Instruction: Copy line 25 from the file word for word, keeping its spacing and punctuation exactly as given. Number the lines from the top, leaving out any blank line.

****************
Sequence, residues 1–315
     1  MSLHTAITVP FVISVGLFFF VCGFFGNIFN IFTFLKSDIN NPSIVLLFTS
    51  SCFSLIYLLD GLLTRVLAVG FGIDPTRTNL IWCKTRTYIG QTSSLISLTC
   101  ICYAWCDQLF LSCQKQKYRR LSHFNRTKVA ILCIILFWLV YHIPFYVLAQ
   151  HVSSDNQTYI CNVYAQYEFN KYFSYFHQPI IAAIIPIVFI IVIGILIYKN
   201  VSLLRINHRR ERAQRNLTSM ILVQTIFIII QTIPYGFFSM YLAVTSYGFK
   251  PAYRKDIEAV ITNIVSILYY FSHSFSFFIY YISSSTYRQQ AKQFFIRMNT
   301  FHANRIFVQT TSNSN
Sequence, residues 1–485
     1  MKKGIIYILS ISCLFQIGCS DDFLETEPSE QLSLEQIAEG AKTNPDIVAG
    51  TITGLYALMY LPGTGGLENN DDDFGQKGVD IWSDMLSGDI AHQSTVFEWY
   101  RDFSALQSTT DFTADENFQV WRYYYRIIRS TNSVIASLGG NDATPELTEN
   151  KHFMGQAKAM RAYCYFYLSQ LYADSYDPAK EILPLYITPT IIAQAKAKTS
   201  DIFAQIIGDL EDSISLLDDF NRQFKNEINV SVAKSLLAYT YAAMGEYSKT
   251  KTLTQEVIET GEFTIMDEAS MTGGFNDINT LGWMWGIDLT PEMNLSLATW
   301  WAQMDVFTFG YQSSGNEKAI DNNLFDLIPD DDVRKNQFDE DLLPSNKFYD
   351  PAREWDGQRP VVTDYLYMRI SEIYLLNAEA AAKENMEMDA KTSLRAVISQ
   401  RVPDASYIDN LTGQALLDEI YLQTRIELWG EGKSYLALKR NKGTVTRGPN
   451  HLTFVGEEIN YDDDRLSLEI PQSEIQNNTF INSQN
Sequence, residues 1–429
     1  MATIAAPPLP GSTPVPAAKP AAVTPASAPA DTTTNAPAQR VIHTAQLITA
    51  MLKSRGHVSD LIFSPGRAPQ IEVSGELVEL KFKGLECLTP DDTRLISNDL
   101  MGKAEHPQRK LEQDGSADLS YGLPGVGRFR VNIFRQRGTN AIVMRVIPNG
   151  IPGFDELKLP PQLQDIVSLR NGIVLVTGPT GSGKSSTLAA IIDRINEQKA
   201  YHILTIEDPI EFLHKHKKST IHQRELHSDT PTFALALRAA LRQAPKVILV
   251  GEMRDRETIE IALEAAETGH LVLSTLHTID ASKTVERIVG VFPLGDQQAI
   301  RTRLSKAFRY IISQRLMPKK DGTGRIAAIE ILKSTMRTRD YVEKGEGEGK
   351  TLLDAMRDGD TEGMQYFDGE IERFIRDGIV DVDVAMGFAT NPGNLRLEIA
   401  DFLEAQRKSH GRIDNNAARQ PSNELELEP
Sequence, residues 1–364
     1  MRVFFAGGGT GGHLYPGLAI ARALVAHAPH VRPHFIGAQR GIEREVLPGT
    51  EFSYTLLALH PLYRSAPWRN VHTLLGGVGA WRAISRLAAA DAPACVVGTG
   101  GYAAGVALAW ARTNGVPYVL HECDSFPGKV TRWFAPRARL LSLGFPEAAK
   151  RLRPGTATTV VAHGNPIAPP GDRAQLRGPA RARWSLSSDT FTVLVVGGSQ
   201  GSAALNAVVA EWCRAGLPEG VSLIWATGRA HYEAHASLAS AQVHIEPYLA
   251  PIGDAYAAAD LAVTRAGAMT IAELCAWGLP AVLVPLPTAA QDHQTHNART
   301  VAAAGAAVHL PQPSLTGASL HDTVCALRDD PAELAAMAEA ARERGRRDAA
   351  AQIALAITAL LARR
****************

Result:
   201  YHILTIEDPI EFLHKHKKST IHQRELHSDT PTFALALRAA LRQAPKVILV